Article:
Robert Douglas Brown

ROBERT DOUGLAS BROWN

January 6, 1942 – May 11, 2019

Passed away on Sat. May 11, 2019 in the Palliative Care Unit of Markham-Stouffville Hospital with family at his side. Doug was 77 years old.

Beloved husband of Ann for 48 years, loving father of Russell and Emily (Chris Arthur), proud grandfather of Ethan and Robyn Arthur, and cherished brother of Joan (Darrell Dennis). Doug will be fondly remembered by his cousin, Jan Gravelle, his nieces and nephews, and his many, many friends.

Doug was born in Toronto and grew up in the Beaches. He trained as a draftsman and worked in Toronto, in Deep River with Atomic Energy of Canada and then with Honeywell in Scarborough.  In 1972 Doug enrolled in the Ontario College of Education and entered the teaching profession a year later with a specialist certificate in Technological Studies. Doug enjoyed a 27- year career teaching in York Region at Markham District High School and later at Aurora High School. He taught mechanical, electrical and architectural drafting, computer assisted drafting (CAD), automotive studies, and woodworking.  During his career he also earned an Honours  B.A. and gained further specialist qualifications to teach Visual Art and Co-operative Education.

Doug will likely be remembered most for his numerous skills and wide-ranging interests. He played the guitar and the piano even though he could not read sheet music. He played by ear, picking out the melody in his head and then adding the harmonies.

At a young age Doug demonstrated a natural talent for drawing. Throughout his life he explored many kinds of visual art – painting in acrylics and watercolour, etching, lithography, print making, pen and ink drawing, wire sculpture, wood carving, and even papermaking.

With his background in drafting and architectural design, it was a given that Doug would design and construct, over many years, the woodshop, the cottage and the barn in his beloved Muskoka. This work became a passion and a life-long project for Doug. Up until a month ago he was making plans for this summer’s project – install a second bathroom in the cottage.

Doug was an enthusiastic sailor. He joined the Bala Sailing Club in1968 (?) with an old Y Flyer acquired from the fleet in Deep River, Ontario where he was working at the time. As the club grew and he gained more experience, he graduated to an Albacore and a Laser. Doug loved the competition of sailboat racing and the camaraderie of the after-race socials.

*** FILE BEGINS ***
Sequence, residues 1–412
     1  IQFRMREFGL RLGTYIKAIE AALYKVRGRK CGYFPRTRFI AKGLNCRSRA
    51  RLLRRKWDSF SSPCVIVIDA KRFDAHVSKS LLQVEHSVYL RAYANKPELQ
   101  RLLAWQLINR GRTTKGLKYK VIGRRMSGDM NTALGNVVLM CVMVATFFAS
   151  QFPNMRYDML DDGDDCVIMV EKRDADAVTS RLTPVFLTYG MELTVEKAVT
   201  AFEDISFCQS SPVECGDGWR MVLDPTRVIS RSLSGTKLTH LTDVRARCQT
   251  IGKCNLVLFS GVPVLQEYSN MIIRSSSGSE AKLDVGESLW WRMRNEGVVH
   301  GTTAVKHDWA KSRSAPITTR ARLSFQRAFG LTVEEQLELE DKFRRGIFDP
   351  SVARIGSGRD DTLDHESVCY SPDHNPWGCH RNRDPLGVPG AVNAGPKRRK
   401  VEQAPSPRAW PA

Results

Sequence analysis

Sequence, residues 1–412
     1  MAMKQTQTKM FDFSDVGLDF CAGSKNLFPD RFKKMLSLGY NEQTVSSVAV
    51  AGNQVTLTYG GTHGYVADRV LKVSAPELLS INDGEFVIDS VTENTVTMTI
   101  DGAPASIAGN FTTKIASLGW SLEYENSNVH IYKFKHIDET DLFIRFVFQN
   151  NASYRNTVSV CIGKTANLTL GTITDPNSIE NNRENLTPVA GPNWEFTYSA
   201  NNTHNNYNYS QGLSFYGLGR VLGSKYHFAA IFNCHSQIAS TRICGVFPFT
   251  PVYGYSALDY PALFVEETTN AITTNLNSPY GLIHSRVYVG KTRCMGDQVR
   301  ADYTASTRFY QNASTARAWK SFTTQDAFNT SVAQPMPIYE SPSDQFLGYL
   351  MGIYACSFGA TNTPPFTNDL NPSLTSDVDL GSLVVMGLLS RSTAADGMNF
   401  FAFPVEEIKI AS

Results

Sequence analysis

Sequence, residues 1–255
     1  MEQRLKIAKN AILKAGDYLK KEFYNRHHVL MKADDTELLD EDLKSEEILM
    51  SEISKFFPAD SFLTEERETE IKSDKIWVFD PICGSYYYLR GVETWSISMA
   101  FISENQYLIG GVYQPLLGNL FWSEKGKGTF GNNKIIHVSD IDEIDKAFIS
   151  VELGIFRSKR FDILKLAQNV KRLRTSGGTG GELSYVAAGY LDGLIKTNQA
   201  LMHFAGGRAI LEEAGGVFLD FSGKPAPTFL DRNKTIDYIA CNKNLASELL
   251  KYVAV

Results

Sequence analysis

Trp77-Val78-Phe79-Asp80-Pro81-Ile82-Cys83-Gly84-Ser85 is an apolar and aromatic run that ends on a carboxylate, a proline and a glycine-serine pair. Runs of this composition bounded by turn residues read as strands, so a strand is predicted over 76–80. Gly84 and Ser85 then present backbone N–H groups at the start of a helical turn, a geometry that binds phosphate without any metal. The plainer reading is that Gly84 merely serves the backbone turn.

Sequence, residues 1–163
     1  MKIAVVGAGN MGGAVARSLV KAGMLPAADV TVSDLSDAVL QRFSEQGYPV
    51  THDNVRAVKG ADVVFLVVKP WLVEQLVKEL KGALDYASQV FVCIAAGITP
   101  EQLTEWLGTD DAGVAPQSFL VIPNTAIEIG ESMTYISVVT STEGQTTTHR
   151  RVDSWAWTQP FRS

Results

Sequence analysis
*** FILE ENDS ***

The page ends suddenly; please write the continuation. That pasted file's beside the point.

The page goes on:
As a skilled mechanic, woodworker and vintage boat enthusiast, Doug restored a 1947 Greavette Disappearing Propeller Boat (unique to Muskoka) which he discovered in a barn near Sutton, Ontario. He was a charter member of the Dispro Owners Association and participated in countless tours and regattas.

Doug was also a proud and almost charter member of MAOC  (Model A Owners of Canada). Over the years Doug restored a 1931 Model A Coupe, a 1927 Model T (his first, large scale retirement project) and a 1966 Mustang convertible.

Another of his activities was researching the Brown family history. Doug’s maiden aunt in Wales had passed on boxes of letter and diaries when she died and Doug‘s interest was aroused. He eventually traced his family roots back to Alexander Brown who died in 1769 in Scotland. To verify his findings Doug travelled to Scotland in 2007 and spent two cold, soggy weeks visiting cemeteries and churches.

Doug’s resourcefulness and ingenuity will always be a subject of conversation among his family and friends. His ability to repair or construct something from whatever basic materials were at hand was remarkable. For example, he retrieved two aluminum pontoons from the bush on Kahshe Lake and subsequently built the “William C” – an 24’ pontoon boat complete with wood decking, navigation lights, bridge and canopy. For another project he built the “yard car” – an unlicensed vehicle put together from spare Model A parts which he used on the cottage property as a travelling workshop and tool shed.  In 2009 Doug welded the arbour for his daughter’s outdoor wedding from the iron support pillars of an old gazebo. One of his last projects was transforming old, cedar dock boards into a desktop and matching floating shelves.

Doug lived a rich, full, and busy life. He will be sorely missed, but his family and friends will cherish all the wonderful memories. In keeping with Doug’s wishes, cremation has taken place. A gathering to celebrate Doug’s life will be held at a later date. Special thanks to all the members of Doug’s health care team at Markham-Stouffville Hospital for their outstanding care and support.  Messages of condolence may be left at www.dixongarland.com.